What is the size of your current fund? What percentage of it is reserved for follow-up rounds?

We invest around 30-40 million Euros a year, spread over Europe. We are Europe invite active. We are one of the largest investors in energy and energy related technology, sustainable energy. We have more than 200 people on the ground. What makes us very special is that we invest not only in ventures, but also in the ecosystem. So, we have more than 200 people not because we need more than 200 people to manage the investments, but to also actively build on our network and ecosystem. The aim is that this ecosystem will support our investments, which works out.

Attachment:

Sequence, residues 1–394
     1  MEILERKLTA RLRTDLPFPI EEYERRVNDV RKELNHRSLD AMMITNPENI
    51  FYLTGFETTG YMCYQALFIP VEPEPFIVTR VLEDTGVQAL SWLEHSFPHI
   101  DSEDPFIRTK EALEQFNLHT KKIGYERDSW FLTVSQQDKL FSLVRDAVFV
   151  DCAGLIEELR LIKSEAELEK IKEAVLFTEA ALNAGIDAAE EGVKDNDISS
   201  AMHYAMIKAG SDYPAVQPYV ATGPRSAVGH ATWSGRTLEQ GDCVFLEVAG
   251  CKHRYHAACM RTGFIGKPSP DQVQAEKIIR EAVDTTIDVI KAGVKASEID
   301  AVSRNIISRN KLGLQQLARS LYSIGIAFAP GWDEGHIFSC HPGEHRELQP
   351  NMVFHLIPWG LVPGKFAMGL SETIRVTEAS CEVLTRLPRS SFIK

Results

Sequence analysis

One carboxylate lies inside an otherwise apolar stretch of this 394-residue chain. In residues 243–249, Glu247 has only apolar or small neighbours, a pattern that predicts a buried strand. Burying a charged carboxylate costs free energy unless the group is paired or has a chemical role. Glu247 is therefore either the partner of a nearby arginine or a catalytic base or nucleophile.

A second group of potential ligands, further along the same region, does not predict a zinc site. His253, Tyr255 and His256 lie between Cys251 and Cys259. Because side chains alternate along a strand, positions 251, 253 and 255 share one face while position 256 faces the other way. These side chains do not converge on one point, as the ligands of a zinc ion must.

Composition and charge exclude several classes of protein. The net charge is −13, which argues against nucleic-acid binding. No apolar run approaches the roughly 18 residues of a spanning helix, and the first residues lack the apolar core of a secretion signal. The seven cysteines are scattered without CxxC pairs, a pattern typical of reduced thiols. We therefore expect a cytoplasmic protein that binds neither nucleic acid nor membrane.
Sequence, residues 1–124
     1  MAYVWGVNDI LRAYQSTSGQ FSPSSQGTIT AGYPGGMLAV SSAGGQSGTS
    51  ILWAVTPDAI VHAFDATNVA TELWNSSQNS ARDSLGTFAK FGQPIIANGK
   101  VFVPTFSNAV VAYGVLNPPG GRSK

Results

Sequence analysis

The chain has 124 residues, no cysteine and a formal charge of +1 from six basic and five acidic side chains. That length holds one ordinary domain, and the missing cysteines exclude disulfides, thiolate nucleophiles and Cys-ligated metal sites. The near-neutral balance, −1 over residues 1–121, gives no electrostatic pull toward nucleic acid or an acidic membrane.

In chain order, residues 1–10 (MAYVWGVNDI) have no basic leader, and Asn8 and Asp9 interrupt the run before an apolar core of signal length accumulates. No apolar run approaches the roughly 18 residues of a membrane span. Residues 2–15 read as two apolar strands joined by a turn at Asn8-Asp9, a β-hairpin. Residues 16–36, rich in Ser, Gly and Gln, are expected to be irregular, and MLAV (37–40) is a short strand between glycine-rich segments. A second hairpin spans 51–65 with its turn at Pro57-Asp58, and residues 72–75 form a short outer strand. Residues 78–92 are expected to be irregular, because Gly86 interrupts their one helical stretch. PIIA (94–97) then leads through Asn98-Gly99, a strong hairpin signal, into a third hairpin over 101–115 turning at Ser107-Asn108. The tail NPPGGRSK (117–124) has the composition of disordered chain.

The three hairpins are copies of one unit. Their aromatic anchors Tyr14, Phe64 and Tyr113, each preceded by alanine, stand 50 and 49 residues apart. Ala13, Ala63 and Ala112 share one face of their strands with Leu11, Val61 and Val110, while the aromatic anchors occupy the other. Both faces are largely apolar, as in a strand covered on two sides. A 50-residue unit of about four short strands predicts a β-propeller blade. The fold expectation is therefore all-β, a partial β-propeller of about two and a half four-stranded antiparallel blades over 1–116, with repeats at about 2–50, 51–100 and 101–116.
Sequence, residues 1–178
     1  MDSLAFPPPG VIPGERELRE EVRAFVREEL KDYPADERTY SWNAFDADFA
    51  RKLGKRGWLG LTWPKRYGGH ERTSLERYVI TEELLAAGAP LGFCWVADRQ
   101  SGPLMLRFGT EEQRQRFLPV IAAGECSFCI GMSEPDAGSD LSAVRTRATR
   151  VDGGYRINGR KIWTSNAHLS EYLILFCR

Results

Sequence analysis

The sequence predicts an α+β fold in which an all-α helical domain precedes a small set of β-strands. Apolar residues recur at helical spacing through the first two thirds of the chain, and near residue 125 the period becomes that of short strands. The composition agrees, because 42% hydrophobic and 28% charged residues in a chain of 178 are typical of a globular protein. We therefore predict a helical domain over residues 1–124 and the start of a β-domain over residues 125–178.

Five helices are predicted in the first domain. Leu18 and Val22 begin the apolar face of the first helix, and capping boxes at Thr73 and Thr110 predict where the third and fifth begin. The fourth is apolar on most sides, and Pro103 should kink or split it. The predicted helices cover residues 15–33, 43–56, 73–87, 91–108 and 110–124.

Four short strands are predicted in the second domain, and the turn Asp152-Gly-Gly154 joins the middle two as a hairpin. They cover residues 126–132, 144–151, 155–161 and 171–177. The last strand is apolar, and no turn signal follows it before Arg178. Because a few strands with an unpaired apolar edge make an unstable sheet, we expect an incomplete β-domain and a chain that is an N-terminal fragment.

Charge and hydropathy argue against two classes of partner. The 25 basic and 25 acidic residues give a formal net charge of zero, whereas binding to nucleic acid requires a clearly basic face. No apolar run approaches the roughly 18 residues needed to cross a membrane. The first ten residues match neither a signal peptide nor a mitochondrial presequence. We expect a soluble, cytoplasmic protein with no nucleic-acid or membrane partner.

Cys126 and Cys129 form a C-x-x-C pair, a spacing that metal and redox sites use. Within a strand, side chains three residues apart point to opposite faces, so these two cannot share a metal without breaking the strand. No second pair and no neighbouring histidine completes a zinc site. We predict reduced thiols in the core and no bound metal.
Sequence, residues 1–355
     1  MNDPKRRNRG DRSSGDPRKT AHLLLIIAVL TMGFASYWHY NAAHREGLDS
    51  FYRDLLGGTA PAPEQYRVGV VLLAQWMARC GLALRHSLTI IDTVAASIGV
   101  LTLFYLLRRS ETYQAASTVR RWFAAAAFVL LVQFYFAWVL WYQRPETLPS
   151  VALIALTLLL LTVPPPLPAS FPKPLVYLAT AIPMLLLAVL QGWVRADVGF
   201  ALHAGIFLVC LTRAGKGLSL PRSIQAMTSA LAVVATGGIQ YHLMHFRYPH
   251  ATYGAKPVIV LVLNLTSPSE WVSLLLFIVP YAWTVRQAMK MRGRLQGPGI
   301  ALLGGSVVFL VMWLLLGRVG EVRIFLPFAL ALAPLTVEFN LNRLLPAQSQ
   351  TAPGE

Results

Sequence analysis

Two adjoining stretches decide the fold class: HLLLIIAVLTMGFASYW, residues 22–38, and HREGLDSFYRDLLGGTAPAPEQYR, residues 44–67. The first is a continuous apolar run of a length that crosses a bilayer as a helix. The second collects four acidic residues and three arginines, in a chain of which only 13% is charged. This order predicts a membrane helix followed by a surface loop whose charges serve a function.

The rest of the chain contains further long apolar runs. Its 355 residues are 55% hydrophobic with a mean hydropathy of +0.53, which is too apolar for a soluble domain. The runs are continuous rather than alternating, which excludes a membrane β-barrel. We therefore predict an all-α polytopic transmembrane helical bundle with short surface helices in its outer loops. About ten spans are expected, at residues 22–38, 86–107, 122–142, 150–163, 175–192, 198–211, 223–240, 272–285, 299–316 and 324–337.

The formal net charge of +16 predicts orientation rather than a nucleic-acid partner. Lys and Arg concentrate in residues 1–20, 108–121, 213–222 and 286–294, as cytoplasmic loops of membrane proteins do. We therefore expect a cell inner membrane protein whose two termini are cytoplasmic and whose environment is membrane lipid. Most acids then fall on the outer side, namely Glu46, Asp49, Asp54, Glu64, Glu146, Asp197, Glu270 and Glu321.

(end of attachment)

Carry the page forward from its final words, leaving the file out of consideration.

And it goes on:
Just to make sure I’m understanding, you get money from the EU and you then use that to invest in different ventures? 

We are supported by the EIT, the Europe Institute of Technology. We were founded by the EIT and we use the funds provided to support ventures against inequity stake in the ventures, which is basically an investor. We are working as an investor, we are for profit, we want to make good investments and want to make good exits afterwards, so it’s the same game. Basically, there’s a difference because we don’t have this constraint of having a fund that needs to be divested from five years on. 

How do startup teams usually find you? How many startup projects do you review per year?